Chasing the line
Tear in the cut
Keep in the know
Throw in the earth
Dancing and blood.
This cryptic outburst gives way to one of Low’s trademark techniques of accentuating the space between notes, while a propulsive beat throbs like a heart in the background. Soon Mimi’s voice returns in forlorn hums and disembodied lyrical phrases. The song expires with a wavering chant, like a candle flickering in a cold room, only to merge with the next track.
“Always Trying to Work It Out” moves with the tortured steps of someone trying to run in a snowstorm. Alan Sparhawk and Parker—certainly one of the most fascinating couples in music—harmonize as the beat thuds thickly along—you can almost see tracks in the snow. Sparhawk’s voice occasionally melts into a deeper register—another intentional flaw that only enhances the pathos of the song. The celestial “Fly” has more than a few hints of Radiohead’s “Kid A,” and offers a superb overview of Parker’s agile voice. “The Son, The Sun” is a bone-chilling wail of lament—ominous, desolate, and cold as a cathedral floor. “Dancing and Fire,” with its memorable refrain of “It’s not the end / It’s just the end of hope,” will come as a relief to some listeners; it’s the most conventional track on the album, and offers a brief moment of reprieve from the surrounding storm.
One of the most urgent and energetic songs on the album is “Rome (Always in the Dark).” Symphonic, crumbling, and urgent, it’s a piece of music that matches the ruin it describes. One more seamless fade into the final track. Now we’re confronted by the jolt of “Disarray”—a song that mirrors the jarring dynamic of “Quorum,” but one that also contains moments of peace and stunning beauty, all rendered much more poignant by the splintered sonic background.
If Double Negative has a precursor, it’s 2007’s stark Drums and Guns. The propulsive beats, the dissonant notes and wavering tones are all here, but the production remains discreetly professional. Drums and Guns is ragged and angry; Double Negative is unhinged. With its rich texture and ghostly reverb, Double Negative is also much more lush and atmospheric. The band has clearly taken a leaf from Kevin Shields. For better or for worse, My Bloody Valentine’s seminal masterpiece Loveless has opened up countless possibilities, and one of them is the immaculate wreckage of Double Negative.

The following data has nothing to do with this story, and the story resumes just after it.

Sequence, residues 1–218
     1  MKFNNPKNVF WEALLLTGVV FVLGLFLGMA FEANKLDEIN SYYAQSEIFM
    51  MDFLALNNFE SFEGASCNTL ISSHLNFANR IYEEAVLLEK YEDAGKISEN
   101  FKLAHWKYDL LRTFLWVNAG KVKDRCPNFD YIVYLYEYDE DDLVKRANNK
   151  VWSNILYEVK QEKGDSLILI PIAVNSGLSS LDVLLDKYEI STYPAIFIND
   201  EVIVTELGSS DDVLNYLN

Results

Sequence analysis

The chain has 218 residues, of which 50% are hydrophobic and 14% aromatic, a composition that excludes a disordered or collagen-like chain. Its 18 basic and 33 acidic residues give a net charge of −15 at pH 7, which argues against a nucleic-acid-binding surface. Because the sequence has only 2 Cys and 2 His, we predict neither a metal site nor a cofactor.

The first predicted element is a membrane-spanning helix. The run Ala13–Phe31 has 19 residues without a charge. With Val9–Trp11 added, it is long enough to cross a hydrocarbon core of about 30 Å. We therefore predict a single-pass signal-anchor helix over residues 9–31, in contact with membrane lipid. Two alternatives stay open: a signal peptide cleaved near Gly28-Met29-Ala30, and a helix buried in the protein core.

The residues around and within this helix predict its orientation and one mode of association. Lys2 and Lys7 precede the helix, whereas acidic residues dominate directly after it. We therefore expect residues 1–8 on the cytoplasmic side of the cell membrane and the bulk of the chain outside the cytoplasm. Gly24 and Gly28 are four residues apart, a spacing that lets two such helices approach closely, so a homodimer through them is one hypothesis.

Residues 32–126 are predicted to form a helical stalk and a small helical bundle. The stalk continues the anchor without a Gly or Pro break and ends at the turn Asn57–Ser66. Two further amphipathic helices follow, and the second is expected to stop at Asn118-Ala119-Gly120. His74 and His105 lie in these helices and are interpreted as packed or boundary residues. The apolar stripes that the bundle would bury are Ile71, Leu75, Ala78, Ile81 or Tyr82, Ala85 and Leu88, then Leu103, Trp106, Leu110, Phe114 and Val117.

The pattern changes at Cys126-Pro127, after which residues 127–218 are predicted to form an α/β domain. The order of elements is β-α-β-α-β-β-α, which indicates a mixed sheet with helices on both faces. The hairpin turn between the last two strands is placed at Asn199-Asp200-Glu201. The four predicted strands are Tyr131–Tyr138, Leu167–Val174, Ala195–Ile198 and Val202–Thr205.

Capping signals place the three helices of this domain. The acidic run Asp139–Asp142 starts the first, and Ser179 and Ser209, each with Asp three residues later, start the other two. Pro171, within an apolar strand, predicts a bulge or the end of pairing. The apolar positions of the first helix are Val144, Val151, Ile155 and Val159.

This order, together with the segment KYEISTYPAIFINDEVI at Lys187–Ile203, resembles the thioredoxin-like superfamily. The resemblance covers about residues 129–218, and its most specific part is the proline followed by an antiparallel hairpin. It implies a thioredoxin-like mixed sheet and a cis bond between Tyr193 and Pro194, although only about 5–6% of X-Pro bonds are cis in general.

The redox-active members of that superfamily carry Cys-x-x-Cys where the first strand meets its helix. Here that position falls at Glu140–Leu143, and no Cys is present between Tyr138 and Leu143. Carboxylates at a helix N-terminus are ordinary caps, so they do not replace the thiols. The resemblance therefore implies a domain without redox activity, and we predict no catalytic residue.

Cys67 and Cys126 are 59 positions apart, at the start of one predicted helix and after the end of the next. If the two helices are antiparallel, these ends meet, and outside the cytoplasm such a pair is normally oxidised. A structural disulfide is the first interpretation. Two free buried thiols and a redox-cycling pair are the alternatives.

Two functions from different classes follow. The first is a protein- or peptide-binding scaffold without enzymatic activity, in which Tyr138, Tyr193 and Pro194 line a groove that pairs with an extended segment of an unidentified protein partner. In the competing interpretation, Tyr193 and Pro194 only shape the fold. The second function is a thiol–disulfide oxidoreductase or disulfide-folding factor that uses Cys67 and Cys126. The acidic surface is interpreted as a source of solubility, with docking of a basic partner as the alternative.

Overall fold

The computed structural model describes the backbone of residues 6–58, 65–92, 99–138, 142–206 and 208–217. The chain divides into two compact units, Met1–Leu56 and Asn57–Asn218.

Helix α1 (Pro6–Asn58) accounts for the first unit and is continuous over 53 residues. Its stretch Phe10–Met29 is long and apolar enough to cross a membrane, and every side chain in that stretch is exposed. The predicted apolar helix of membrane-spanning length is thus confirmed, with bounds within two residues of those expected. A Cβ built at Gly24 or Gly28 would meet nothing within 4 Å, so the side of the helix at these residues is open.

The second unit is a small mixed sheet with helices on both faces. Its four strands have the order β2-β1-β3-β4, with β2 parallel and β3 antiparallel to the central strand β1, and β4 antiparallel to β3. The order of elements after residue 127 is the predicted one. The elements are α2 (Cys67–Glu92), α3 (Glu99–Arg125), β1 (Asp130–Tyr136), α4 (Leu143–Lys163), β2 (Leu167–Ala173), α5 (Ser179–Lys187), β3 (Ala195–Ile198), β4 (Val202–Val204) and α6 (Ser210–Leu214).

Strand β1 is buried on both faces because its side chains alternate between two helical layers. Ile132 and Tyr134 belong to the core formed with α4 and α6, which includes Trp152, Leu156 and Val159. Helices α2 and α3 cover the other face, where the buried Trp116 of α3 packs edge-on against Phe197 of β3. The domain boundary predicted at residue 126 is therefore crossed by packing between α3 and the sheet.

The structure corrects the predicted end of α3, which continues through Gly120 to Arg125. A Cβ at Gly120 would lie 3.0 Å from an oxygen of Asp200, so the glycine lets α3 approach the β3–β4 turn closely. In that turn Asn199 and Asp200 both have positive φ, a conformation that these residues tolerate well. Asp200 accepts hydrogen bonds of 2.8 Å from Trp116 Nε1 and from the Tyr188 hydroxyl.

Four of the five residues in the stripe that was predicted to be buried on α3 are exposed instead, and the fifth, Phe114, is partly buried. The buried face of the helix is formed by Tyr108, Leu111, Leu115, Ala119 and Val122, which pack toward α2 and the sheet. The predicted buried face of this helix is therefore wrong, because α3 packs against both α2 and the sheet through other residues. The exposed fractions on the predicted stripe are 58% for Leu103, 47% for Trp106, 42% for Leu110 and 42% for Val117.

To my mind, if there’s one image that can encapsulate this arresting album, it’s the snow-strewn ruins of an ancient church. By turns haunting, beautiful, and sad, it’s a place that hints at a hidden wholeness, especially at moments when the sun shines through the broken stained glass windows, or when the shadow of an old cross falls across the icy floor. If you stand absolutely still, the wind howling through the sanctuary might even sound like a choir.
Interestingly, we can understand the fallenness of our world only in light of perfection. Damage may be a structural feature of earthly beauty, but it would remain inscrutable to us without some notion of total health. Phrased as a question: how could we identify damage without an understanding of wholeness? There’s a reason that medical doctors begin with healthy bodies, rather than diseased ones. Any salvage operation is doomed from the start if it can’t distinguish between health and illness.
At this point, we need to note that Nussbaum’s thesis about the integral relation between form and content displays a rich theological resonance because it bears a striking resemblance to the doctrine of Christ’s incarnation. The Apostle Paul tells us in Colossians 2:9 that in Christ “the whole fullness of deity dwells bodily”—an audacious claim that utterly exceeds the final grasp of any human mind. It is in fact a reality whose full expression requires eternity. In the meantime, we can look to Christ as embodied perfection, the deeply personal vision that throws all of this world’s damage and fragile beauty into stark relief. Because of Christ’s incarnation we can recognize the dishonesty of any artistic visions that exclude or minimize either damage or beauty. The world is neither wholly wretched nor completely worthy. In this sense, we can say that Sade is every bit as sentimental as Thomas Kinkade.
Courageous artists remind us that earthly beauty is always damaged. Christ promises that He will one day make all things new.